The role of Lactobaccilus reuteri-a natural resident of the human gut-to protect against foodborne infection has been explored by researchers.
Their results demonstrated that this beneficial or probiotic organism, which produces an antimicrobial substance known as reuterin, may protect intestinal epithelial cells from infection by the foodborne bacterial pathogen Salmonella.
Cheryl Nickerson and her group at ASU's Biodesign Institute, in collaboration with an international team including Tom Van de Wiele and lead author Rosemarie De Weirdt at Ghent University, Belgium, conducted the study.
Intestinal infections by non-typhoidal Salmonella strains induce diarrhea and gastroenteritis, and remain a leading source of foodborne illness worldwide. Such infections are acutely unpleasant but self-limiting in healthy individuals. For those with compromised immunity however, they can be deadly and the alarming incidence of multi-drug resistant Salmonella strains has underlined the necessity of more effective therapeutics.
The use of benign microorganisms offers a promising new approach to treating infection from pathogens like Salmonella and indeed, L. reuteri has been shown to help protect against gastrointestinal infection and reduce diarrhea in children.
The origin of L. reuteri's protective role still remains unclear. While it has been speculated that reuterin acts by regulating immune responses or competing with Salmonella for key binding sites, the current study represents the first in vitro examination of host-pathogen interactions using human intestinal epithelium in the presence of reuterin-producing L. reuteri.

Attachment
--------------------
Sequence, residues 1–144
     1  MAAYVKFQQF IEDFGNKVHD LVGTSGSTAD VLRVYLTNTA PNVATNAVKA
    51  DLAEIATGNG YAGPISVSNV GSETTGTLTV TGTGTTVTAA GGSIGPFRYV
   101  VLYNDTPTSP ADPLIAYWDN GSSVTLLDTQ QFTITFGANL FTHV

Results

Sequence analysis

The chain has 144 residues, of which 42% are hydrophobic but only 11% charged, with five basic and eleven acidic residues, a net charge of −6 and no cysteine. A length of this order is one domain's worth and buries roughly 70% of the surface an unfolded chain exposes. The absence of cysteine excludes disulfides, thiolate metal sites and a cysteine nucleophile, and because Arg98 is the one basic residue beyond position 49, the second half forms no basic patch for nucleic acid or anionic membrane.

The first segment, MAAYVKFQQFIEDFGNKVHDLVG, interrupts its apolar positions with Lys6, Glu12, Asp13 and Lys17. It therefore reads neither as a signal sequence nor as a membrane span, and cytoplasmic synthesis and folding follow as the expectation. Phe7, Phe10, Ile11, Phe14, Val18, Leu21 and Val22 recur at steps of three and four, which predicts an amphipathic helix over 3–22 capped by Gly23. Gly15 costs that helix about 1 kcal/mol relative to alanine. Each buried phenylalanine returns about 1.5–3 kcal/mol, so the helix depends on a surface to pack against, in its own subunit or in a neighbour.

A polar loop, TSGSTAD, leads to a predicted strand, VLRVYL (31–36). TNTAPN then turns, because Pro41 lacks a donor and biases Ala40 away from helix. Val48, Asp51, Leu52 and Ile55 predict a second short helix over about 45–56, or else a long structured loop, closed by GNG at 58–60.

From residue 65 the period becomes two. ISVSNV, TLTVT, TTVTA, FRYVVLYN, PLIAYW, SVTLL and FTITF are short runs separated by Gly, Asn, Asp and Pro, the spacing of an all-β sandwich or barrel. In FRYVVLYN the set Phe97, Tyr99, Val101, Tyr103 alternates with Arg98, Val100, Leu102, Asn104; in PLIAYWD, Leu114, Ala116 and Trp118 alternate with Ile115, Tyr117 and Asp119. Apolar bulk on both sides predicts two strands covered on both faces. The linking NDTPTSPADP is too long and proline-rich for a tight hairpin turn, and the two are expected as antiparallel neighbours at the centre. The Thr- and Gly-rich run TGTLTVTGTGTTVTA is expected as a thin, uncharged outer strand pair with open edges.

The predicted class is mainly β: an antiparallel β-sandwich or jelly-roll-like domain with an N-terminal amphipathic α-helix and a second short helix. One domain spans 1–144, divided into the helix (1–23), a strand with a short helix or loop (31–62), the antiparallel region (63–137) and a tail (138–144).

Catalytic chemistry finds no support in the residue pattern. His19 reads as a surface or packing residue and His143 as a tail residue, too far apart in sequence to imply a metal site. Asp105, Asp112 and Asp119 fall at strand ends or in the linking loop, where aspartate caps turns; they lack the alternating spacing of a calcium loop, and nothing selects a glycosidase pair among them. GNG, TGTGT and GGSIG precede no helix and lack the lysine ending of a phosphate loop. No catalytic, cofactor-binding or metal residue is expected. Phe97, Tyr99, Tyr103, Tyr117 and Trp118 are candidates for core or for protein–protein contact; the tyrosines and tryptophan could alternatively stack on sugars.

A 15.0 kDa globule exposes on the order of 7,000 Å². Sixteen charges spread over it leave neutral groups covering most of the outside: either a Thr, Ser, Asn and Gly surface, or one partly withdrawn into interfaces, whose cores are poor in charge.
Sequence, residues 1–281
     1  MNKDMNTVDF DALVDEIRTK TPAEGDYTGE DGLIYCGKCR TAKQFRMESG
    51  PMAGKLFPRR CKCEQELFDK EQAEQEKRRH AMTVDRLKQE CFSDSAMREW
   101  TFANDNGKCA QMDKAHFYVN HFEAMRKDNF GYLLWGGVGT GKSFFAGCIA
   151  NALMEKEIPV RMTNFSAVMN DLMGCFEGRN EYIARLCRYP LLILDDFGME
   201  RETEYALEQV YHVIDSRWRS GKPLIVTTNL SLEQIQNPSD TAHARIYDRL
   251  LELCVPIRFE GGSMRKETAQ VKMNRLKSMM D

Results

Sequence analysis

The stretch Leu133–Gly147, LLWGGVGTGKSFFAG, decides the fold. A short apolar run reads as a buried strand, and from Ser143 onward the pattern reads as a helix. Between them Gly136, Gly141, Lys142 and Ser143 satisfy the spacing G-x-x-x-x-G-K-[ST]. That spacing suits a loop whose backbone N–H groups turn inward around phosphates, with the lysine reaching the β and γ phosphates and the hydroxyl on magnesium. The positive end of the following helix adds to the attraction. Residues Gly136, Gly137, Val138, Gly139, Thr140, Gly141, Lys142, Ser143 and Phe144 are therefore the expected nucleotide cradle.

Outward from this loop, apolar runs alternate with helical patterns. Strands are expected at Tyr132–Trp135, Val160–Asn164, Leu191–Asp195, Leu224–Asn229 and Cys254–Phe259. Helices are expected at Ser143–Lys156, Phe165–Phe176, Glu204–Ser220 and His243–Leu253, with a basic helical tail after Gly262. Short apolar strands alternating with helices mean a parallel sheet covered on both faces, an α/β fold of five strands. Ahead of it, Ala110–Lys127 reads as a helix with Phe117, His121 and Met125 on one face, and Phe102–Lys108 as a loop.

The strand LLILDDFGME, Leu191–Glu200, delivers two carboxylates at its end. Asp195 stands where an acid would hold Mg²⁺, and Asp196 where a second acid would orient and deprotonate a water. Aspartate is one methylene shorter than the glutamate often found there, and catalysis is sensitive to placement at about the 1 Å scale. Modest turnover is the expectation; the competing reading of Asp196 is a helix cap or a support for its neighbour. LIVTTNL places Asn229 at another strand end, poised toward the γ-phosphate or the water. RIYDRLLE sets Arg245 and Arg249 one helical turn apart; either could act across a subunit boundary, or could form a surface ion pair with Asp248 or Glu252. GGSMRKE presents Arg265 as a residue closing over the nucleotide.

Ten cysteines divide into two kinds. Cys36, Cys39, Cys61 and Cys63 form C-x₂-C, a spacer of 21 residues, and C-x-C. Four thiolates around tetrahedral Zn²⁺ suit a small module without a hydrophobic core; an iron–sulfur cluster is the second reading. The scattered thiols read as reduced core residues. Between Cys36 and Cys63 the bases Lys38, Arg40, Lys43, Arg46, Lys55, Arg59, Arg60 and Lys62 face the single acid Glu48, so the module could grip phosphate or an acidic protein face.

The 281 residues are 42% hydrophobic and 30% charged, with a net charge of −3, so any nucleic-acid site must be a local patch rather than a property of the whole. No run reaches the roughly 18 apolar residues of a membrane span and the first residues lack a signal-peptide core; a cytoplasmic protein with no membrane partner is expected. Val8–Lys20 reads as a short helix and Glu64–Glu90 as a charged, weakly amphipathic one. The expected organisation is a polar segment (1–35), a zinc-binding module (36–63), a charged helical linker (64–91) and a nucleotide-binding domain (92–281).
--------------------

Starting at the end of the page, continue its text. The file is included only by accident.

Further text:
The results showed a reduction in the Salmonella population (without host cells) after one hour of exposure to a diluted supernatant containing reuterin. Further, the reuterin-containing ferment of L. reuteri was shown to significantly reduce adhesion, invasion and intracellular survival of Salmonella to 3-D colon cells, compared with an untreated control.
In an unexpected twist, the application of L. reuteri supernatant lacking glycerol actually stimulated adhesion, invasion and intracellular survival of Salmonella. The authors speculate that the stimulatory effect observed may have been due to low concentrations of acetic acid, previously shown to stimulate expression of Salmonella virulence-related genes.
Another interesting detail uncovered in the study is that the effects of reuterin on Salmonella's infectious capacity are increased in the presence of host cells, suggesting that some type of synergistic protection occurs during epithelial infection, potentially involving the combined activity of reuterin and host cell gene-related responses.
While the authors stress that much work remains, particularly in terms of understanding reuterin's role in the context of a complex gut microbiome, the results are encouraging and suggest a new avenue for fighting Salmonella infection, through the process of glycerol conversion to reuterin by L. reuteri.
Results of the new study recently appeared in the journal PloS ONE.